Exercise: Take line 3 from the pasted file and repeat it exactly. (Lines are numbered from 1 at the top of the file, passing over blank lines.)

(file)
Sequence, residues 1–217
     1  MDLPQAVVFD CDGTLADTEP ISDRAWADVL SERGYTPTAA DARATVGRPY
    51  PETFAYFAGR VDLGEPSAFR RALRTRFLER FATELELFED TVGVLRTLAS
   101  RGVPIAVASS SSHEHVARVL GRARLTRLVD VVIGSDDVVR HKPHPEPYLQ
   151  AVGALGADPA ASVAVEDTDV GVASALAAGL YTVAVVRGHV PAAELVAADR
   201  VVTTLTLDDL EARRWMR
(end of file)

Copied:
    51  PETFAYFAGR VDLGEPSAFR RALRTRFLER FATELELFED TVGVLRTLAS